Edge: Michigan- Michigan has a clear advantage at this point. Though McCray may move down at the next level, I would still give the advantage to Gedeon over Lee. However, there may be an impending commitment from stud Texas LB Mike Mitchell for the Buckeyes, which would pull them nearly even.

Along with Jalin Marshall, Cameron Burrows headlines the in-state class for the Buckeyes.

Defensive Back

Michigan: 1) Gareon Conley (OH)- A lean and aggressive corner measuring in at 6’2 170 lbs., Conley is an intriguing prospect whose rating varies greatly amongst most sites. Conley is usually between a 3-star and 4-star, but certainly has the potential to be a solid contributor at Michigan.

2) Jourdan Lewis (MI)- Although a tad undersized at 5’10 160 lbs., Lewis is fluid in coverage and is a great athlete from the Michigan pipeline of Detroit Cass-Tech. Lewis should be able to step in and contribute early at corner for the Blue.

3) Channing Stribling (NC)- One of the more unknowns (at least to me), Stribling is rated a two star by most services.

4) Dymonte Thomas (OH)- One of the bigger steals for Hoke from Ohio, Thomas is an athletic safety with size to back it up at 6’1 180 lbs. Thomas was swayed in the Fickell interim, as an offer did not come until Meyer came onto the scene and Thomas was already committed to Michigan. OSU could still continue to try and persuade Thomas up until February though, so he may be one to watch.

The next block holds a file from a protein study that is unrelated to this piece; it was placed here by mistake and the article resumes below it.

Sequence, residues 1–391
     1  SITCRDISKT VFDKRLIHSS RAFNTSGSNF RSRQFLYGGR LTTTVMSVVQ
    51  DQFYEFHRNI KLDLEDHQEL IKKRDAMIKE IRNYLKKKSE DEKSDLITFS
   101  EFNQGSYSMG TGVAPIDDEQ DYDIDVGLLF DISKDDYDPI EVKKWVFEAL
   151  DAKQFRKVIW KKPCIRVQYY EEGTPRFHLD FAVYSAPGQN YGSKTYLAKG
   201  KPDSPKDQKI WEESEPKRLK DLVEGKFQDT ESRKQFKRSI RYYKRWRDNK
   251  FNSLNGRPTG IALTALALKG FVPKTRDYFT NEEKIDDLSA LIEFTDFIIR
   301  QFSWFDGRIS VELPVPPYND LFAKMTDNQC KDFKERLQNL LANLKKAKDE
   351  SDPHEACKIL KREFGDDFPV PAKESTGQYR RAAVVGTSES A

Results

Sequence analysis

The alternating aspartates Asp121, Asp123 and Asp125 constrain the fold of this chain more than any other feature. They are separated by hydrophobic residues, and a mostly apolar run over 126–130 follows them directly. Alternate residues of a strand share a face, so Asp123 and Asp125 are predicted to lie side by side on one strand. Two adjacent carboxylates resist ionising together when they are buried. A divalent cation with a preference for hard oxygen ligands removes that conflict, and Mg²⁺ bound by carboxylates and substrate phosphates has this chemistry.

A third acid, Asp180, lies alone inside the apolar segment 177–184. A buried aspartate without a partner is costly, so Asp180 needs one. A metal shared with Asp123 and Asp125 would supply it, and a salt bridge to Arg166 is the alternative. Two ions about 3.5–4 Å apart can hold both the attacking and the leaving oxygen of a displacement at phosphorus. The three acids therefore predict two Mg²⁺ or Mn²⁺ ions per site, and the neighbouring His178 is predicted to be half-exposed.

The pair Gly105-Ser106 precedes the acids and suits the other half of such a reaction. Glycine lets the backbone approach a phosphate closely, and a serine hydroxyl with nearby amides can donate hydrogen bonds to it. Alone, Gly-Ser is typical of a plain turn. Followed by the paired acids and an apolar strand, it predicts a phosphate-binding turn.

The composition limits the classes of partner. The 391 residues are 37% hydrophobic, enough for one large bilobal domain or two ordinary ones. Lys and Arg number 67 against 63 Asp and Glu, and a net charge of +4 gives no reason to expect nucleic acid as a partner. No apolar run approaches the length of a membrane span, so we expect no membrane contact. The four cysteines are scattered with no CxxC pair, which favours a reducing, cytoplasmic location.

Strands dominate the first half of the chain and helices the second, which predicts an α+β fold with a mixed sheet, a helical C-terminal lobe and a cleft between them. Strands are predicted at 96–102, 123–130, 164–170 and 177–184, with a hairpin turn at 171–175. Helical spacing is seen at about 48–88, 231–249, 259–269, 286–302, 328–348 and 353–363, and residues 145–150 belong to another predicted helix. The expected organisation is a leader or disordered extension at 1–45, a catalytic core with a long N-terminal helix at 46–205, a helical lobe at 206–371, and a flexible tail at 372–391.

5) Ross Douglas (OH)- Michigan’s most recent commitment comes from the wake of Penn State’s scandal, as Douglas de-committed from Penn State and verballed to Michigan all within this week. Douglass is a good athlete that has been rated as high as 4-stars by some services and should round out Michigan’s DB class. Douglass was not pursued by OSU.

Ohio State: 1) Cameron Burrows (OH)- A consensus top 100 player and a 5-star on many sites, Burrows has surprisingly fluid hips and outstanding ball skills for a 6’1 205 lb. corner. Burrows is an ideal mold of a rangy, athletic corner who can cover and get physical in the run. Burrows may very well be the best player in this class.

2) Jayme Thompson (OH)- Originally a West Virginia commitment, Thompson flipped to OSU with an offer from Urban. A 4-star safety on most sites, Thompson has great range at 6’2 185 lbs. and is equally adept at coming up to play the run.